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appal_jack

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Gender: Male
Hometown: North Carolina
Member since: Wed Aug 11, 2004, 06:57 PM
Number of posts: 3,813

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Basic hydrology is how.

The fracking fluid is being
injected a mile or more under the ground how does get into a water well?


Basic hydrology is how.

A mile is just over 5,000 feet. It's not uncommon for domestic water sources to be located nearly 1,000 feet down. While the intervening 4,000 feet may sound like a lot, it is only an impermeable barrier in textbook-ideal-theoretical-land, not in real earth. In real ground, soils and rock layers are often heterogeneous, ground shifts due to weather, seismic activity, the high pressure of the fracking itself, etc., and the fracking chemicals themselves are powerful solvents. These chemicals will move. Also, the fracking and injection wells and casings themselves are subject to failure. When (not if, but when) they fail, the well itself becomes a superhighway for groundwater pollution.

-app

I find it absolutely horrifying that we routinely spray RoundUp on crops just before harvest.

I find it absolutely horrifying that grain producers routinely spray RoundUp on crops just before harvest. Grain dries-down naturally, so all this spraying accomplishes is speeding-up the process a little. While I can certainly see the advantage of greater control, especially in my rainy neck of the woods, RoundUp (glyphosate) is a systemic poison. Why would we ever poison our food this way?

Whether or not glyphosate residues are contributing to gluten intolerance (which I suffer from), I think that they are certainly affecting our health in some negative manner. \

You learn something new every day, and most of these learned things add to the argument that organic foods are the healthiest and best choice for all of us.

-app

More authoritarianism at DU. Sigh.

More authoritarianism at DU.

Sigh.

Just today, I've read supposedly-progressive DU'ers telling me that the EPA should regulate wood stoves basically out of existence, how rifles should be seized from the citizens of CT ('The Constitution State') using 'MRAPs' and the threat of 'cold dead hands,' how small-scale farmers ought to be inspected and regulated by the FDA until the burden drives them entirely out of business, and now I get to be told that once I decide to travel by the most common avenue open to Americans, all rights are automatically waived.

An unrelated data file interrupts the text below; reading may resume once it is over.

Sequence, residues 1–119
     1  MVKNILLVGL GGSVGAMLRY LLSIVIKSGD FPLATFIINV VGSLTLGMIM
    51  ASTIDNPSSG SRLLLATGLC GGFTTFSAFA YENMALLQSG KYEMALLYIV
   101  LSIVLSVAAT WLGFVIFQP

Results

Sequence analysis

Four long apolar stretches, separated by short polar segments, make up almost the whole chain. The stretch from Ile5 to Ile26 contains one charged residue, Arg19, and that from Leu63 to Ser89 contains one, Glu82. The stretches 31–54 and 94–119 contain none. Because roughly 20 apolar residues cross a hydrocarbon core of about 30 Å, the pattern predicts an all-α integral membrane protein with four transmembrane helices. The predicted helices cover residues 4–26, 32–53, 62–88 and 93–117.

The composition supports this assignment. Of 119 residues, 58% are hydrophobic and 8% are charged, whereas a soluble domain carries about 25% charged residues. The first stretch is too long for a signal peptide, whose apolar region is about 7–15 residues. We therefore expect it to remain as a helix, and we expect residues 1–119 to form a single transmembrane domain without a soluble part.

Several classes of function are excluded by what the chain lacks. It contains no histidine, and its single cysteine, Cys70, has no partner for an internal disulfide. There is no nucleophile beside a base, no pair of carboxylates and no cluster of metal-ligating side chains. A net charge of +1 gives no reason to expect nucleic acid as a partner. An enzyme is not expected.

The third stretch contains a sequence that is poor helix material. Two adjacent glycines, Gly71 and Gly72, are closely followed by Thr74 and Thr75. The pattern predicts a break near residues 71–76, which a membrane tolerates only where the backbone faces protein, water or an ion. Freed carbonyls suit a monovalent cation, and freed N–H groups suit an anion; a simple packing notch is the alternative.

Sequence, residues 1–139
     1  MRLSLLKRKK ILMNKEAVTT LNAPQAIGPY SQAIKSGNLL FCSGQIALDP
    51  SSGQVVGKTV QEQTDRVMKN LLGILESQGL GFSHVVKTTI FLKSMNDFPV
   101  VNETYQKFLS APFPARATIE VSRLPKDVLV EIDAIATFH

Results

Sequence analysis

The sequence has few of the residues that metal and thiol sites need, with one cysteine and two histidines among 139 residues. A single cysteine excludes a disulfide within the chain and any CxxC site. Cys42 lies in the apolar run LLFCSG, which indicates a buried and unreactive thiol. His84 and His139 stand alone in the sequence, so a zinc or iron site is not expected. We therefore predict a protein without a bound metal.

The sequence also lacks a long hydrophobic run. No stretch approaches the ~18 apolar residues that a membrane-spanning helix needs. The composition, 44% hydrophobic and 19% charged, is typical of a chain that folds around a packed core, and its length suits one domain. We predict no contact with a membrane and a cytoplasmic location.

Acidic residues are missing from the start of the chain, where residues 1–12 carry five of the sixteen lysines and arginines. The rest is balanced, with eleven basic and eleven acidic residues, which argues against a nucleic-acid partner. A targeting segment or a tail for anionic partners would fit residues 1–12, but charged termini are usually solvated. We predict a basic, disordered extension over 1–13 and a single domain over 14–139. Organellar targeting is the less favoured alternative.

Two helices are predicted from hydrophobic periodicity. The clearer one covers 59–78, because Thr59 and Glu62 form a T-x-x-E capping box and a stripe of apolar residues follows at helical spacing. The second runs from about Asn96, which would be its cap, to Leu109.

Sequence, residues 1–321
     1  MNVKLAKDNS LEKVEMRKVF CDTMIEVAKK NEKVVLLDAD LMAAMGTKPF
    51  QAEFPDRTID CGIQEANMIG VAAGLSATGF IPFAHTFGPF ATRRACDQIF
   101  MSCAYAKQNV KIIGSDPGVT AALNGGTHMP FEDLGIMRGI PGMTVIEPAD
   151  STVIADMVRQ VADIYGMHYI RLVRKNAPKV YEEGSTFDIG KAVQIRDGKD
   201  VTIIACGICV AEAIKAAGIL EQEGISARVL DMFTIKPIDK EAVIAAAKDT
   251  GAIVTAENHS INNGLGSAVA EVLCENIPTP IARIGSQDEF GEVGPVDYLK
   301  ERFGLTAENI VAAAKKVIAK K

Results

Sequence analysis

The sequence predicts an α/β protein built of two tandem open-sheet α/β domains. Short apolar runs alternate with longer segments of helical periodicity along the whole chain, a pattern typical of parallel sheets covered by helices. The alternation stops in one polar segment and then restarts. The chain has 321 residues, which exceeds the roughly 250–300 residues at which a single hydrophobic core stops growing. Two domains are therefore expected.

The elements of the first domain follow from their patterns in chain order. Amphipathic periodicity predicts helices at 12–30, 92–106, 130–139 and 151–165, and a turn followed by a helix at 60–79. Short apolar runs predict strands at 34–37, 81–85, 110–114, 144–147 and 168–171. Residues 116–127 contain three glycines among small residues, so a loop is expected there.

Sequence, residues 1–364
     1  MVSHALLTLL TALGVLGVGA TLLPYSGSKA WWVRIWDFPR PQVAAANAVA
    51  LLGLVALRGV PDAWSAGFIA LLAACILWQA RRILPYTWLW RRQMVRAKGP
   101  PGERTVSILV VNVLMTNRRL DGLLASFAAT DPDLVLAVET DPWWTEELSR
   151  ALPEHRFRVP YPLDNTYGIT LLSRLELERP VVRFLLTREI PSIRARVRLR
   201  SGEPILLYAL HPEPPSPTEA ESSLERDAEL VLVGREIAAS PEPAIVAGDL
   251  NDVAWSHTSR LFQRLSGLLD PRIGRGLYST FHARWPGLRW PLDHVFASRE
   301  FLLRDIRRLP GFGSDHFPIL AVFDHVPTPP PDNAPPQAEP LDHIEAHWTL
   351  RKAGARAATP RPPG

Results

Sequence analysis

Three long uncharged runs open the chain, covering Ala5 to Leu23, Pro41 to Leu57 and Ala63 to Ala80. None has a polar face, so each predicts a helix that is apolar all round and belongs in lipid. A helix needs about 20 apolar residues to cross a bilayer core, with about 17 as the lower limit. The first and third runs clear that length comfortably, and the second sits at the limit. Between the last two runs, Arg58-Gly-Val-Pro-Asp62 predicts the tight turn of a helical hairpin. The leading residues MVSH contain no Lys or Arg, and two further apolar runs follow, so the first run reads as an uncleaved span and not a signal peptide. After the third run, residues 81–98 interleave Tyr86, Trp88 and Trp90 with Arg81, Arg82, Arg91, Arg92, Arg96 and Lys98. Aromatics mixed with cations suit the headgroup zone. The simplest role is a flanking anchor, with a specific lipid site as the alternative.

No. Just no.

I am an American - a citizen of a Constitutional Republic. I do not consent to the further erosion of my rights.

-app

There are better solutions than an expensive wood stove redesign

I burn wood occasionally in a very primitive, steel fireplace insert inside a masonry chimney. Basically, I'm using 18th century technology, yet I am hardly polluting at all. What's my secret? I use thoroughly dry wood and pay attention to my fire, adjusting the draft and damper accordingly. I burn so cleanly that after five years since the last inspection and sweeping, the chimney guy this year said that if I stuck to these protocols, I wouldn't need a visit from him for another five years. No creosote and hardly any ash up my stack.

Trying to idiot-proof a wood stove to be smokeless even with wet wood and other stupidity is asking all of us to pay for the actions of a dumb minority that shouldn't be using a wood stove in the first place. A good education program via a public agency such as the state Cooperative Extension services would cost less and do more. Plus education about how to properly manage a wood fire will not further alienate rural voters who might already have the impression that Democrats are rural, elitist, nanny-staters who don't even try to understand the difficulties of country life. Banning simple, efficient wood stove designs, on the other hand, certainly will.

From the article:

The National Firewood Association, based in Duluth, Minn., says some of the pollution from wood-burning stoves could be reduced if people would burn only aged wood rather than wood with too much wet sap.


-app
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